Healing and empowerment over profit maximisation and tech-solutionism.
Algorithmic decision-making systems and facial recognition tools used by governments and industries currently obscure and reinforce existing injustices. Instead of creating safer spaces for discourse and exchange, social media networks capitalise on trauma and hate speech. More broadly, digital technologies surveil, control and radicalise their users. To ensure collective and individual well-being and flourishing, technologies must center around the needs of communities rather than prioritising profit maximisation above all.
»Centring healing allows for trauma and inequality in death to be identified as the main products of the oppressive systems we live in. Prentice Hemphill writes that ‘systemic oppressions are, in many ways, enforced through trauma’. Trauma is an extremely efficient tool of white cis-heterosexual capitalist patriarchal systems. It also organises what Ruth Wilson Gilmore defines as ‘the state-sanctioned and/or extralegal production and exploitation of group-differentiated vulnerability to premature death.’ Black women are dying in childbirth at a higher rate than white women. Trans women of colour are dying prematurely. Significant disparities in life expectancy exist for people of colour, specifically Black and indigenous people in settler colonies. Women of colour – the majority of women on the planet – are disproportionately confronted with death.
The most relevant way to approach gender-based issues from an intersectional perspective is thus as a public health issue. Patriarchy is a public health issue. Racism is a public health issue. Queerphobia is a public health issue. Poverty is a public health issue. These systems of oppression produce trauma and premature death as necessary to their functioning. They can´t be eliminated by individual modifications – they require systemic change.
Thinking about feminist tech without centring healing in a way that is collective will reproduce the very mechanisms of oppressions we wish to dismantle. However, the current trend in tech is to lean on our collective trauma to generate profit, posing consumption as compensation for isolation and exhaustion. The rush toward more surveillance nourishes an unending appetite for control that maintains and reinforces the current social order. These objectives are all imbued with the patriarchal ideals of domination and invulnerability.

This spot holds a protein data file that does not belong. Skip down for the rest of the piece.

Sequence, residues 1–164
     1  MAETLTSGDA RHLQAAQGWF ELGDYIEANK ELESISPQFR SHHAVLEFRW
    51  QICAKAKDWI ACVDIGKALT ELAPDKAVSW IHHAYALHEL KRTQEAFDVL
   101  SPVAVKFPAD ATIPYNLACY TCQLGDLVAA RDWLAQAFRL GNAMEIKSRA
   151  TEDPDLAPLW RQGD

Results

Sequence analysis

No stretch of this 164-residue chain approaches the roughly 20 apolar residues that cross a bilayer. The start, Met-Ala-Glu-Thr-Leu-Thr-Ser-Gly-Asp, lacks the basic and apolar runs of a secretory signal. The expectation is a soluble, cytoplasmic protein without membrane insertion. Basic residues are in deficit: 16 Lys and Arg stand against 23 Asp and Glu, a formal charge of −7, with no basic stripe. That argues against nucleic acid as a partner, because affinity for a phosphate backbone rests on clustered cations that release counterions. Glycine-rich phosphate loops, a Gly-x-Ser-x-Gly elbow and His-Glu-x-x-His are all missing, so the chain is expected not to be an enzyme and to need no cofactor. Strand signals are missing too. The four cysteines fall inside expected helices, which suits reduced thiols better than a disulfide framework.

What role does tech play in worsening the current public health crisis? How could technology support our collective healing? Can we imagine technological modalities that aren´t based on exploitation, displacement and/or extraction? Do we actually need technologies to learn/re-learn how to centre care? Do we really need technologies to collectively slow down in a way that supports the healing of the planet? Because no technology will solve societal problems, a feminist approach to tech could reshape our priorities, centring reproductive forces and healing instead of trauma and obsolescence.«
Who can inspire us with their work?
»The report by Africans in the Diaspora, Practicing Liberation, is extremly rich with examples of feminist practices of organising, notably the initiative Nous sommes la solution led by women farmers working on land sovereignty. They network and organise over complex issues that involve key decision-making processes – they use many technologies extensively, though not exclusively in the corporate sense.
Whose Knowledge questions the western understanding of knowledge that dominates the contemporary internet to find creative ways of ‘building and defending an internet of, for and by all.’
The report Afrofeminist Data Futures, written by Neema Iyer, Chenai Chair and Garnett Achieng, also provides plenty of good leads for ways forward.
Finally, in Digital Black Feminism Catherine Knight Steele writes about how black women have used blogposts to discuss, develop and reflect on their realities, thereby enriching black feminists’ thoughts, mobilising writing in a community of trust as a healing practice.« — Laurence Meyer
The Numun Fund is a feminist tech fund created in response to Covid-19. It aims to support feminist groups, organisations and networks led by women, non-binary and trans people who use technology to advance feminist organising and gender-just outcomes. Numun is the Sumerian word for “seed.” Over 6,000 years ago, the Sumerians, who came from what is now southern Iraq, established the earliest known writing and arithmetic systems in the world. The Numun Fund honours the ways that art, literature, science and technology have flourished across the world and been led by communities in the Global South for millennia.